You see the low-cost airline model can work for short haul. Most short-haul flights are two hours or less. And short-haul flights usually (for a full-cost carrier) take between 45 minutes and an hour to turn around for the return leg. Low-cost airlines reduce this to about 20 minutes. It can’t be any less because the aircraft brakes have to cool from the landing in order to work effectively in an emergency on take off.

But the advantage is that if your aircraft is flying, on average, 90 minute legs, and turning around in less than 30 minutes, then it can operate up to 12 legs in 24 hours. A full-service carrier flying the same route can fly only 9 legs in the same 24 hours, so the low-cost carrier can get another three plane-loads of people to pay for seats. Of course most aircraft aren’t scheduled fully for 24 hours, but the principle is clear: a low-cost carrier generally can get two extra legs a day from each aircraft it operates.

This, combined with the “no-frills” approach of minimal luggage allowances, all extras to be paid for, having the cabin crew clean the ‘plane and trying to flog lottery tickets and tickets for onward travel on board (on all of which the airline makes a margin) enables them to make the upfront advertised cost of each seat much lower than a full-service airline.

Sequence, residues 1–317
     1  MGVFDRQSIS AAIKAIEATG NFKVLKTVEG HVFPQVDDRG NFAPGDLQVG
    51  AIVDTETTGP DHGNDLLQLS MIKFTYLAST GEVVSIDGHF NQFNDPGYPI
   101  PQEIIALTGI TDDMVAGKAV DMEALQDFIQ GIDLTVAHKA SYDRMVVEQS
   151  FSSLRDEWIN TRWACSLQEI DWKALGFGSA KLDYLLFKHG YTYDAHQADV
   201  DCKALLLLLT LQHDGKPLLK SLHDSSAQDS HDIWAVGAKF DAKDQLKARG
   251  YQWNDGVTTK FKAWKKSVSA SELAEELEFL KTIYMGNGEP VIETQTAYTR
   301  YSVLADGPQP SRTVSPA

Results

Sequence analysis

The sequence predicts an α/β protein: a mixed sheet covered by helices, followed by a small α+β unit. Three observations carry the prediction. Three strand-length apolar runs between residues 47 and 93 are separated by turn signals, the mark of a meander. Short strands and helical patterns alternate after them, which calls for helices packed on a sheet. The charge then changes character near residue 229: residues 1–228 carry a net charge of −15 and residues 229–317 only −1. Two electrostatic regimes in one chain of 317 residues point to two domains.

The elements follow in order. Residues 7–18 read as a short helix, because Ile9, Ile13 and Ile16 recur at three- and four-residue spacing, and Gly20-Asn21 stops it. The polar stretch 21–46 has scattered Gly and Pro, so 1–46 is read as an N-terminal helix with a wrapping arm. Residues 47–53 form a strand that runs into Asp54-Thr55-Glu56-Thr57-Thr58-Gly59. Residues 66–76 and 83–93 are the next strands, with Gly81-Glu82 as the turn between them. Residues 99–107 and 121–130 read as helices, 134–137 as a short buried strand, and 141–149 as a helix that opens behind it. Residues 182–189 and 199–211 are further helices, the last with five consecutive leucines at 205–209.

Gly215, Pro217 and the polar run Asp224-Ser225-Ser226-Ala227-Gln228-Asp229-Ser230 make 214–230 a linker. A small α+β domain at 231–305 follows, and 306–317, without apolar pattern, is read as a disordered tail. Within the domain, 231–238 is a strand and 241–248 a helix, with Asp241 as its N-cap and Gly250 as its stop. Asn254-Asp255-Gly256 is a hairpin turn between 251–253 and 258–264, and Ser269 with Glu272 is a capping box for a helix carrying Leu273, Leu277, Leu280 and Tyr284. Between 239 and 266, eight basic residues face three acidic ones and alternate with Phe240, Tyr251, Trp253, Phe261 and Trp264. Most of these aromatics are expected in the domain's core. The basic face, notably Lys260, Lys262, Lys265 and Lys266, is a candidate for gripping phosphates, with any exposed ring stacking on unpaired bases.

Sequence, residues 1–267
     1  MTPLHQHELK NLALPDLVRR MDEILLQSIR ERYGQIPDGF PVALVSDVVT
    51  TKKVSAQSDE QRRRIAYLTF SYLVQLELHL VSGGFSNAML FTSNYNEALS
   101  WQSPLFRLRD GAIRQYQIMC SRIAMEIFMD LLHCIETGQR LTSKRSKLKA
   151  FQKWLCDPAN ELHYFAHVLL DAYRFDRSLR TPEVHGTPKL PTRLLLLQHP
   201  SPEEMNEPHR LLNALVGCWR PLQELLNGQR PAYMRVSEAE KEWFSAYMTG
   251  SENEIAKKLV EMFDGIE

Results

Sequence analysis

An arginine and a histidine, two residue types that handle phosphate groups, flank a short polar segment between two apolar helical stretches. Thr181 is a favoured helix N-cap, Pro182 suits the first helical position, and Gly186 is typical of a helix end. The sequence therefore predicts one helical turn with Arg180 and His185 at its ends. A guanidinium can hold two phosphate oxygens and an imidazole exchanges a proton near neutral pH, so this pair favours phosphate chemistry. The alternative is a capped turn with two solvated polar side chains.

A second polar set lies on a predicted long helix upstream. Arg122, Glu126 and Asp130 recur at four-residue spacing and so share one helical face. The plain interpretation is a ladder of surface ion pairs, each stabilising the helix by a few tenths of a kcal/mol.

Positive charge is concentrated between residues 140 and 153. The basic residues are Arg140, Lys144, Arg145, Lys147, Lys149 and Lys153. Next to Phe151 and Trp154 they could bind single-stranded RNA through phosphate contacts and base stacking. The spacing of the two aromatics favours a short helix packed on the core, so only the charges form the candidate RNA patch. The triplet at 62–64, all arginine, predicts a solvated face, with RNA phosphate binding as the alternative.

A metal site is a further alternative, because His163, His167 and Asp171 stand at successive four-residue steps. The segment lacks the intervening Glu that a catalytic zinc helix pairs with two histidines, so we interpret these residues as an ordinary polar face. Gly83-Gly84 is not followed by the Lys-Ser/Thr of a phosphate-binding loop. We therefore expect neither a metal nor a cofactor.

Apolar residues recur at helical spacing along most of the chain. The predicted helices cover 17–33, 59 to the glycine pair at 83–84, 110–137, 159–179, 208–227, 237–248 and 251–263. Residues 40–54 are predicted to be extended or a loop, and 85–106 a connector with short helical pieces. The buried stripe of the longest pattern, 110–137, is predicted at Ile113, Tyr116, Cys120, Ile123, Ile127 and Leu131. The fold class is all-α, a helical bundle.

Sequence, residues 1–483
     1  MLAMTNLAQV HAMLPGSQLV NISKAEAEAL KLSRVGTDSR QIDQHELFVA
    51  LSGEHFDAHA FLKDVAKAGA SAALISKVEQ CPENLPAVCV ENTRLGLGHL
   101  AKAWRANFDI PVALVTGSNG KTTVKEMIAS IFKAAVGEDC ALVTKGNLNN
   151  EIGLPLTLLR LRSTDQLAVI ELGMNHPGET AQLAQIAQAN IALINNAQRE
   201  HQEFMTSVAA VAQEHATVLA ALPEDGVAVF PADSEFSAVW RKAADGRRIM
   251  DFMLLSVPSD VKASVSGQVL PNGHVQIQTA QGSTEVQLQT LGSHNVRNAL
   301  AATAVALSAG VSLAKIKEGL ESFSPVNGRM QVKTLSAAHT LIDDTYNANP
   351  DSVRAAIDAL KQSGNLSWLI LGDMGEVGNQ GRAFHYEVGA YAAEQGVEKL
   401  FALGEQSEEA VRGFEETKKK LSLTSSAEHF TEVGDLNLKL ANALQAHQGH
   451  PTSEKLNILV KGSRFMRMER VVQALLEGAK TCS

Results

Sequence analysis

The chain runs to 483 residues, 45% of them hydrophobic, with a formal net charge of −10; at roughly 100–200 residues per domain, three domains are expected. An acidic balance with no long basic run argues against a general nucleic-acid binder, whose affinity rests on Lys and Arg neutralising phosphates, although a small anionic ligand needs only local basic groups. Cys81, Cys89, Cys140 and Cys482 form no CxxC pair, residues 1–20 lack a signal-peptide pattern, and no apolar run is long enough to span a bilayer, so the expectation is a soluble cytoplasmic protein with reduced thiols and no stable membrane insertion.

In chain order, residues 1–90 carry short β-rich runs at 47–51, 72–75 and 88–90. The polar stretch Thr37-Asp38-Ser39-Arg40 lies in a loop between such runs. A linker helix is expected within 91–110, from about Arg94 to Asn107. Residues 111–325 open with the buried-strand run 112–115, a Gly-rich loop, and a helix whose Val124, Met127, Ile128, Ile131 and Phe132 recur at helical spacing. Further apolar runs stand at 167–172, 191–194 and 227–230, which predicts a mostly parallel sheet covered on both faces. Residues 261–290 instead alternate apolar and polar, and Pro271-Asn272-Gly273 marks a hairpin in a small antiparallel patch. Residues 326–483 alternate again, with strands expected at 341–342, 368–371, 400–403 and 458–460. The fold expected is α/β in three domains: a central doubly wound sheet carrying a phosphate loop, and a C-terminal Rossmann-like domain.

That’s how it works.

But it can’t work in long-haul. In long-haul most aircraft fly one or two legs in 24 hours. So shaving 30 minutes off each turnaround gains an hour a day – not enough to fly another long-haul leg. If airlines operate the latest generation of fuel-efficient aircraft then the no-frills savings and add-on revenues might just make a low-cost airline viable provided all flights operate close to 100% full. But this is tricky at the best of times, often requiring overbooking and then bouncing some passengers off the flight. This doesn’t endear you to your customers, so most full-service airlines aim to achieve an average of better than 80% loading. Low-cost carriers can’t afford loading this low, there just isn’t enough margin on the revenue they generate. Also full-service airlines have premium cabins (Premium Economy, Business and First Class) – this isn’t common on low-cost services, so the additional revenue from premium cabins is denied to them.